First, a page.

Alyssa is set to compete in our 5K this year. That alone is exciting for us, as we love for young kids to get out and stay active. However, there’s a little more to be excited about than the simple fact that she is running our race. Alyssa has set out on an ambitious journey: run a race in each of the 50 states.

Not only is her feat extraordinary on its own as a physical accomplishment, but it is an extraordinary display of determination and good will. Each race she competes in, Alyssa raises money for a different charity. It hasn’t been just about a personal goal, but about helping others achieve their goals by supporting worthy causes.

Alyssa’s ultimate goal is to complete all of her races before her 16th birthday. She currently averages one race per month and may even extend to two in order to finish on time. During her free time (I clearly use the term free time very loosely) she attempts to blend in with the rest of the kids her age by participating in various sports, hitting the beach, and playing music (piano and percussion, to be exact). Keep reading below to find out more about this amazing young girl and her equally amazing cause:

Race on the Base: What gave you the idea to run for charity in all 50 states?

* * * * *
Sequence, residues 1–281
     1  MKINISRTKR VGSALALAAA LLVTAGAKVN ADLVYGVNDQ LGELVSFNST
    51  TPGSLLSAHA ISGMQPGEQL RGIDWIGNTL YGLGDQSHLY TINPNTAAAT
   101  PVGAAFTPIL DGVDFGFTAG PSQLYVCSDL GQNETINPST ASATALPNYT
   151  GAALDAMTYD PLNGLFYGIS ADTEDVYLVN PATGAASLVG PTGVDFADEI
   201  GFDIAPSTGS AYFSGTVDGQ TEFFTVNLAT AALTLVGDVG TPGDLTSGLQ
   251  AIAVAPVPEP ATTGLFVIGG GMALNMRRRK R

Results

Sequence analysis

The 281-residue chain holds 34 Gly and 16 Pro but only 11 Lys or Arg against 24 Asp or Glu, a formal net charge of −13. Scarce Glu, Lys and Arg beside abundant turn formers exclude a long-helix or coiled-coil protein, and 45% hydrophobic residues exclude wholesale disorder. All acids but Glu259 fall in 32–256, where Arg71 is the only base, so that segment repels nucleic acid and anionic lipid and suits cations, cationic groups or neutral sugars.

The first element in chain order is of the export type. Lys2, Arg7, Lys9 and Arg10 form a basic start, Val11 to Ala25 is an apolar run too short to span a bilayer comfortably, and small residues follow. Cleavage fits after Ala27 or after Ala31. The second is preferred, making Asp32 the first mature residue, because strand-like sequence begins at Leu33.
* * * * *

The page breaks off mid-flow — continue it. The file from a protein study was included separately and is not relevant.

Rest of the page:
Alyssa: I ran the race in Washington DC because my friend Athena’s Mom, and my Mom’s friend Carol were battling breast cancer and I wanted to do something to show support for them. So my mom said you can always run the 5k in Washington, and we did.  I didn’t run another race until I was going into the 7th grade and in my hometown there is the Progeria foundation.  My brother had run for them the year before, so I decided to make Team 777 which was 7 kids in the 7th grade to raise 700.00 for Progeria.  I sent out 10 letters to my friends to get them on my team and only one joined.  So 120 letters later, we had a team.  We worked hard to reach our goal and it ended up being over 1000.00. Sam and Megan who have Progeria were amazing, but when we were fund raising, we found out that a lot of people didn’t even know of the condition. That is when I decided I could find other races to run and help out other charities.

ROTB: Why did you want to run all of these before your 16th birthday?